Arizona Biographies


Brian Padberg, 65, born October 27, 1940 in Freeport, Ill. moved to Arizona at the age of 10. A longtime Resident of Phoenix, Brian attended both North High School, class of '58, and Arizona State University. Brian moved to Murrieta, CA. in 1982 and was considered one of the founding fathers in the community. His passion was in the civic arena. For two decades he had served on a number of community boards and on city commissions, helping shape the city. He was named Citizen Of The Year by the Murrieta Chamber of Commerce in 1999. Prior to owning a local Magazine and Video Studio in the Temecula/Murrieta area, Brian was the Director of Marketing and Communications for McDonalds Corporation. Padberg is survived by his wife, Joan Padberg; father, Albert A. Padberg of Prescott, AZ.; sisters Vicki Wendt of Dewey, AZ. and Patty Padberg of Coolige, AZ.; children Kevin Padberg of Provo, Utah; Keri Padberg of Las Vegas; Kori Klein and partner Lisa Steck of Arcadia; Kassen Klein and Theresa Klein of Murrieta; Kamber Klein-Rutz and Jerry Rutz of Murrieta; Aunt Delores and Uncle Jack McLaughlin of Arizona and Aunt Katy and Uncle Keith McLaughlin of California, and eight grandchildren. A service for Brian was held at Stout Family Funeral Home in Temecula. In lieu of flowers, the family suggests donations to the Brian Padberg Memorial Scholarship Fund at the Musicians Workshop, 27315 Jefferson Ave., Suite J-231, Temecula, Ca. 92590 for information, call 951-678-2517. Published in The Arizona Republic on 11/30/2005.

PELLETIER, Dr. Harold W.

Dr. Harold W. Pelletier was born May 30, 1914 in Winner, South Dakota to Elmer George and Abigail PELLETIER and passed away in Dallas, Texas on January 3, 2007. Dr. Pelletier was a veteran serving in the U.S. Air Force, 1942-1949; he was also a member of the American Legion, Music Teachers National Association, Phi Delta Kappa, Phoenix Symphony Orchestra, 1950-1955, Phoenix College Symphony, Tempe Symphony, Madden-Ford Ensemble, and the Ernie Palmquist Big Band. He received his Ph.D in music from Arizona State University in 1962. Dr. Pelletier also taught public schools in Phoenix, at Loma Linda and Machan Elementary Schools. Preceded in death by his wife Mary PELLETIER. He is survived by his daughter Sho-mei PELLETIER and husband Dwight Shambley; two grandchildren Aaron Joshua Pelletier-Shambley (17), and Alexis Jessica Pelletier-Shambley (10); brother George "Bill" PELLETIER and wife Marie PELLETIER; and his sister Jo Ellen PELLETIER SCHALK. Sparkman/Hillcrest Northwest Hwy. Chapel, 7405 W. Northwest Hwy., Dallas, Texas 75225. Rev. Charlotte COYLE and Rev. Jan SULLIVAN. Any memorials may be made in Wally's name to the American Heart American Stroke Association, 7272 Greenville Ave., Dallas, Texas 75231. To leave a personal tribute to the family, please visit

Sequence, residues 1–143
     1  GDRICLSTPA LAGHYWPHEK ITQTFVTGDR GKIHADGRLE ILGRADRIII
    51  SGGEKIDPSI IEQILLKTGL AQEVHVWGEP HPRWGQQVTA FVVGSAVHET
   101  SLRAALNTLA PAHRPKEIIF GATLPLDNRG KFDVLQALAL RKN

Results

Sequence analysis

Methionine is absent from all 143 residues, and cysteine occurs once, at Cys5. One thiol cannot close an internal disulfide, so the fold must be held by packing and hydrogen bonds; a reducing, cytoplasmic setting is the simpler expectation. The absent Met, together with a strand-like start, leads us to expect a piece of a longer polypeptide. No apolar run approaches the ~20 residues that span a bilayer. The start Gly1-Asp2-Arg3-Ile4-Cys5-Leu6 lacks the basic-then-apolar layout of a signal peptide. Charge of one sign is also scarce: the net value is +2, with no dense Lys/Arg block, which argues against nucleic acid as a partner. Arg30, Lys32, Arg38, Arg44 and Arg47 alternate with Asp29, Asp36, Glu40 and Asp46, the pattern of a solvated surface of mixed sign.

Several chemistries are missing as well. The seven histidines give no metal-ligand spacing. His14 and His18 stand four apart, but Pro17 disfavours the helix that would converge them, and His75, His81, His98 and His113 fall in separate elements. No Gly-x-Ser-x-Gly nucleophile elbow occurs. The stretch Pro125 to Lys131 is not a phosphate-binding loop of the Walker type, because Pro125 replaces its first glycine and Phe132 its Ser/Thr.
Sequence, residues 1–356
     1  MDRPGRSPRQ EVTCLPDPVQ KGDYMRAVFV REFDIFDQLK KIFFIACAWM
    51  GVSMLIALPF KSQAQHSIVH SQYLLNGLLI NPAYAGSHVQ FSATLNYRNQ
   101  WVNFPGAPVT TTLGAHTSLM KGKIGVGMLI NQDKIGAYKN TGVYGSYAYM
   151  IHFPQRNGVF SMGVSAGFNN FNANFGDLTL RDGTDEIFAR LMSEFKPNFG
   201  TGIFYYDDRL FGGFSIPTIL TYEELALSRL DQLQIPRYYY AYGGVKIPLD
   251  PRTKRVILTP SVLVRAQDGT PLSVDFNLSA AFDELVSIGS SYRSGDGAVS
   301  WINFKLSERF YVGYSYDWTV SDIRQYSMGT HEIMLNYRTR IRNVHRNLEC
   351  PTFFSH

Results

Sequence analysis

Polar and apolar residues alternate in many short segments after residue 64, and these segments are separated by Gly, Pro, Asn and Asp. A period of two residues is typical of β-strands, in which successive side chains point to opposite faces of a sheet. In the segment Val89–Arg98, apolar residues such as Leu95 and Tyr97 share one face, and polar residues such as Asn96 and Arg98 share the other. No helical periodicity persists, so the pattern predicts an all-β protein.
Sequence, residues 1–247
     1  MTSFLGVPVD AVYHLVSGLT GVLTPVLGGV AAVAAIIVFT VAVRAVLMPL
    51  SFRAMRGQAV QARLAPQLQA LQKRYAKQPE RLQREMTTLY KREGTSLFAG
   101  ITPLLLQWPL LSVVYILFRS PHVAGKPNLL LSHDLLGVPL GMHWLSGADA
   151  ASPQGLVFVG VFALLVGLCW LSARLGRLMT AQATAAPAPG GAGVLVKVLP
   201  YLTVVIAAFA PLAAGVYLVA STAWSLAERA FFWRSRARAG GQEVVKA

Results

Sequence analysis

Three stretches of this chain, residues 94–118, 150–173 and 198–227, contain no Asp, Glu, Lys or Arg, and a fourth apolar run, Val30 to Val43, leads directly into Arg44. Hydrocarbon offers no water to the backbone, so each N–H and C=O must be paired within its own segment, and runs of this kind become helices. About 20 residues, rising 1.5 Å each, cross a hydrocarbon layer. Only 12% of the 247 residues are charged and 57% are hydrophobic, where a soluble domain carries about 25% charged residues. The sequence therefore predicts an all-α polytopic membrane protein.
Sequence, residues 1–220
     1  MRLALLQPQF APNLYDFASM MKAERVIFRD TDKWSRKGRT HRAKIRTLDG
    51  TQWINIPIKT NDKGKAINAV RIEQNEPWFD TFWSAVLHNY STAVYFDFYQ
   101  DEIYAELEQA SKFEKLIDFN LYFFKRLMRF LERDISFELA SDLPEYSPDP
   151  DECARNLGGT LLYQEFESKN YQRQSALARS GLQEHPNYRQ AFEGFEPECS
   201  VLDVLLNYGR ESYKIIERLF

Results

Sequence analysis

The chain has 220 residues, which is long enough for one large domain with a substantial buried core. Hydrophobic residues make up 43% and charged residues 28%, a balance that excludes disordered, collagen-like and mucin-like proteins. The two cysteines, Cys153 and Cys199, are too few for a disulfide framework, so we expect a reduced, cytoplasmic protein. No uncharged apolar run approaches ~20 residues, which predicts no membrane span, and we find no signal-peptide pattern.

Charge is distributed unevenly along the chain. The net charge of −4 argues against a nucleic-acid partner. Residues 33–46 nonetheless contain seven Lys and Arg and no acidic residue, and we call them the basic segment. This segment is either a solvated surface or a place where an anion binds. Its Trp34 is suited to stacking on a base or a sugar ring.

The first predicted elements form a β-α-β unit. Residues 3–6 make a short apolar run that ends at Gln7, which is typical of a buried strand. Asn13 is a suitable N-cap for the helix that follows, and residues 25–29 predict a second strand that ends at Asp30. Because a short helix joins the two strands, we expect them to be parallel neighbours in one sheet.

POSTON, Charles Debrille, the "Father of Arizona"

Born in Hardin County, Kentucky, on April 20, 1825, and orphaned when he was just 12 years old, Charles Poston studied the law, married, fathered a child and settled down to the life of a practicing attorney. When he heard of gold discoveries in the west, he left his wife and daughter with relatives and set off for California. He took a job as chief clerk in the San Francisco custom house and soon found himself in the employ of an agent for the family of General Augustino de Iturbide, who had inherited a large grant of land in what they believed was the new territory, and they wanted it explored for its resources. Poston organized an expedition of 30 men, among whom was Christian Herman EHRENBERG. The party set sail for Sonora, Mexico, but their ship was blown off course and caught in unexpected heavy seas and dashed against the rocks. The men were barely able to reach land safely before the ship sank. Once in Mexico, they were greeted with hostility by the Mexicans, but eventually they were given free access to travel to the new territory. Although everyone searched diligently for the boundaries to the Iturbide land grant, they were never found and subsequently could not be established. Poston and Ehrenberg were convinced that this new land had enormous potential. When the group reached the Colorado River on the return trip to California, the only way to cross the river was by a ferryboat owned by Louis J. F. JAEGER. Because of hostile Indians in the area, there were risks involved in maintaining a ferry service, and JAEGER charged exceedingly high prices for passage. Poston refused to pay the price and instead talked his men into mapping out a city and selling city lots to pay their way across the river. Poston recorded the townsite and called it Colorado City.

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